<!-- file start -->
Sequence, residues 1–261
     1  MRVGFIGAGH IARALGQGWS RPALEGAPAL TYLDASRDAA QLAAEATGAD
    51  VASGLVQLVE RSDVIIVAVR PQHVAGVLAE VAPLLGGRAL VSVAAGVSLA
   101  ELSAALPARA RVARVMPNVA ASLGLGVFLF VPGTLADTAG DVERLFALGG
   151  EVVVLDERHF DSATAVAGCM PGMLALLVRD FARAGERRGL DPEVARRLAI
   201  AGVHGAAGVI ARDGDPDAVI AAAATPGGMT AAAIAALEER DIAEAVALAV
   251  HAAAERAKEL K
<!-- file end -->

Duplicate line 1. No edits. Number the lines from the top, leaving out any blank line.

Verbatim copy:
Sequence, residues 1–261